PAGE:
Small businesses, perhaps more so than their larger counterparts, are heavily reliant on maintaining a healthy cash flow in order to stay afloat. One major hindrance to cash flow is late payments – or, worse still, no payment.
In an alarming study, The Association of Independent Professionals and the Self-Employed (IPSE) recently revealed that 43% of self-employed workers have never been paid for work that they have undertaken and invoiced for. Late payment itself is the cause of 21% of insolvencies.
That might explain why one of Informi’s most read articles is: how do I deal with customers who do not pay.
This year, the issue of late payment was brought sharply into focus following the collapse of Carillion. The construction contractor was found to set 120-day payment terms with many of its suppliers – despite Carillion being a signatory of the voluntary Prompt Payment Code, which requires (but does not enforce) 60-day payment terms.
Carillion is by no means the sole example. In a naming and shaming exercise, the Government recently revealed the worst offending big businesses when it comes to late payment. The winner of that unwanted honour was Grainger & Worrall, an engineering firm, who were late paying suppliers 96% of the time.
Unsurprisingly, stories like this have prompted business groups and politicians to call for more to be done.
Speaking to a Commons Select Committee in March, Business Secretary, Greg Clark, urged action to combat late payment, particularly by larger organisations, admitting 120-day terms like Carillion’s were ‘too long’.
Conservative MP Paul Uppal spoke to the Financial Times citing FSB claims that 50,000 businesses shut down each year due to late payment. “I don’t think [120 days] is acceptable. Payment is getting later and it is becoming more widespread.”
So, what should be done?
In October 2018, a public call for evidence on creating a responsible business culture was launched by the Department for Business, Energy & Industrial Strategy (BEIS).
The Association of Accounting Technicians (AAT) supported by Informi, responded to the call for evidence by highlighting that the past decade or so has seen a stream of tweaks, voluntarism and reliance on big employers to do the right thing, all of which have failed to address the problem of late payments.
Informi agrees that the time has come for the Government to legislate to solve the problem once and for all, and is backing AAT’s three key recommendations to solve the problem.
- that the Prompt Payment Code should be made compulsory for companies with more than 250 staff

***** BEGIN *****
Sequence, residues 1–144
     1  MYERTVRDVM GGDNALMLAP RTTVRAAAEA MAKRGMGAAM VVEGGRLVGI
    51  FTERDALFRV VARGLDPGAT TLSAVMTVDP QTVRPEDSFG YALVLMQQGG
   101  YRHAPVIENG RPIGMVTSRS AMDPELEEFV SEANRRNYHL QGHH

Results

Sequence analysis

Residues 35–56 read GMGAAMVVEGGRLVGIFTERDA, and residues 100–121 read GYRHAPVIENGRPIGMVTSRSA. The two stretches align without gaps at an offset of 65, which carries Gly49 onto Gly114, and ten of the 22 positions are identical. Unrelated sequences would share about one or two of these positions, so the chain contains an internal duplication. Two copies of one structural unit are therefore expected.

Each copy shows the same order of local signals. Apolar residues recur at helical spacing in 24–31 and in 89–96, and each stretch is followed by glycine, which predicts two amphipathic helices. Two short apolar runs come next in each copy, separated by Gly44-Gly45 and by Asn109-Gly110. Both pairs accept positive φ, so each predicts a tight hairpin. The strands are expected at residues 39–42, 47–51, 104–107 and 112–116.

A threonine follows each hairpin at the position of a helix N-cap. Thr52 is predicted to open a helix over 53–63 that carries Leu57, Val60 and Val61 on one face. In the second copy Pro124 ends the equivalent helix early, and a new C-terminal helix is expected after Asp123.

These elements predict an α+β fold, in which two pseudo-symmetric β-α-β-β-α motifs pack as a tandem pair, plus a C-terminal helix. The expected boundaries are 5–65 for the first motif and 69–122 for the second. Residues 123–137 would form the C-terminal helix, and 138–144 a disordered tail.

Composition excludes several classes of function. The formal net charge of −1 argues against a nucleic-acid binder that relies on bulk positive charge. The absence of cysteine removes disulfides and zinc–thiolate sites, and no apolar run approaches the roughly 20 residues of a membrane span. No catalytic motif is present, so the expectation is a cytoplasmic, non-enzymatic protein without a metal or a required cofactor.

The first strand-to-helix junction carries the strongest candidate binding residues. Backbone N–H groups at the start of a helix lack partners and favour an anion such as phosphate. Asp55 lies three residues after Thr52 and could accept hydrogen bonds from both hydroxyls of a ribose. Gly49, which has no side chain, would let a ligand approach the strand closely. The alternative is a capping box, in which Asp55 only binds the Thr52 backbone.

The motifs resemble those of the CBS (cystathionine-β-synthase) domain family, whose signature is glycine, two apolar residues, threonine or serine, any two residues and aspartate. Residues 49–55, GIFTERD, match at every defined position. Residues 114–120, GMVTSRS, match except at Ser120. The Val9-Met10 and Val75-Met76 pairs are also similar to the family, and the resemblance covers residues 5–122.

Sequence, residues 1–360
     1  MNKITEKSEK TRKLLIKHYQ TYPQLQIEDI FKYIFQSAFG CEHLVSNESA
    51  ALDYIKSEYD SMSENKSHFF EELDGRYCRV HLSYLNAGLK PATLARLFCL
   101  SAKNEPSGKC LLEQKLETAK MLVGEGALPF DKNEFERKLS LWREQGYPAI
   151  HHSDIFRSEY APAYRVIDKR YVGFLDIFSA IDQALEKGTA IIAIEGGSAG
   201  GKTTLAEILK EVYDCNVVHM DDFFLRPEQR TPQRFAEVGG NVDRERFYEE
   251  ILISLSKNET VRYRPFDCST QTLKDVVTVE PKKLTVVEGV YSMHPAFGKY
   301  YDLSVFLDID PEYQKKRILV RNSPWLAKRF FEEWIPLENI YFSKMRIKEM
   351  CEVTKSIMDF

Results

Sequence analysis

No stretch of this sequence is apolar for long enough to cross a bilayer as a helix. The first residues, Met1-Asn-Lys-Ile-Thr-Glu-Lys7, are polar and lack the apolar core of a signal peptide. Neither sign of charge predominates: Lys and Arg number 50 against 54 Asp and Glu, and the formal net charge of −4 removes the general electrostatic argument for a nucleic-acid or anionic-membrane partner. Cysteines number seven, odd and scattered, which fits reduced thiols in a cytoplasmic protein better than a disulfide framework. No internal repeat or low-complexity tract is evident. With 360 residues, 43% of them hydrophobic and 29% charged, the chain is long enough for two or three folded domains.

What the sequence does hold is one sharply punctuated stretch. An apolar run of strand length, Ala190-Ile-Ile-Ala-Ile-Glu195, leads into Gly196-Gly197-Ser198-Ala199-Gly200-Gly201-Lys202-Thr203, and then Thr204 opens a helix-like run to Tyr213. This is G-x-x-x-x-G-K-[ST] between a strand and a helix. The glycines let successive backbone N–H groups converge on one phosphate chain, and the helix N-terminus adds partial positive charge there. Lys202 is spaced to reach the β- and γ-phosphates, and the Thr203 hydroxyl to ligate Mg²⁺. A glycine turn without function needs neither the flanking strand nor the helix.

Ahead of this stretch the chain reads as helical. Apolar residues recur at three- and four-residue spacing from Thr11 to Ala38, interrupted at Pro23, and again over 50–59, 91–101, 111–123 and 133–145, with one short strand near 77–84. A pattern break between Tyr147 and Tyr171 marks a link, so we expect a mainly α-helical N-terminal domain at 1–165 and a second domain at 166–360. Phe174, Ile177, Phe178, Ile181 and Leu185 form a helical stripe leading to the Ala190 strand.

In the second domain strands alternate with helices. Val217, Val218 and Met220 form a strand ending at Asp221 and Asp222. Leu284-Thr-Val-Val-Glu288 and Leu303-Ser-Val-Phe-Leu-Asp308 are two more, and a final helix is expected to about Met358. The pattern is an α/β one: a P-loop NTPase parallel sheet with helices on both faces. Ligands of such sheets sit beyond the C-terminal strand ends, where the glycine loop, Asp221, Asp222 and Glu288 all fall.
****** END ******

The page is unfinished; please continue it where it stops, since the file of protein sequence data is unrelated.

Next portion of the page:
- that payment terms should be halved from a maximum of 60 days to a maximum of 30 days
- that a clear, simple financial penalty regime for persistent late payment should be introduced and enforced by the Small Business Commissioner
What are small businesses saying?
It’s not just Informi who are backing these calls, politicians from all political parties have done so and most importantly they already have the support of the SME community.
“I’m only a very small business and getting paid late means struggling with the mortgage and other household bills. The Prompt Payment Code is a good idea but it’s been around for years and hasn’t led to much of a change – it’s only signed by responsible businesses or those who realise it’s never enforced, so it’s basically meaningless. These recommendations for a statutory code for all companies employing 250 staff or more would be the best way of addressing this. It would mean all companies, large and small, would know exactly what their legal obligations are and SMEs could have much more confidence they are going to get paid on time.”
Tony Richardson of Richardson Consulting, a business advisory SME based in Plymouth
“My business partner and I have sometimes had difficulties getting money owed which probably wouldn’t have happened if there was a legal requirement to pay within 30 days and the realistic threat of a meaningful fine if it wasn’t paid. That’s why I support the these recommendations for change and really hope the Government is listening.”
Leanne McConnell of Virtually Perfect, an Eastbourne based accountancy SME
“As a start-up company, late payment caused me several difficulties but even now, as a firmly established and successful company, late payment can have a big impact on me and my company. These recommendations to halve maximum payment terms from 60 to 30 days and to require all companies with 250+ employees to sign the Prompt Payment Code are definitely steps in the right direction. Enforcement is also key because although imposing obligations is great if companies meet these obligations, there needs to be strong enforcement action against those that don’t – an initial warning followed by a fine for non-compliance would seem like a sensible option.”
Kate Bell, founder and Director of Zip Us In, an SME based in Salisbury.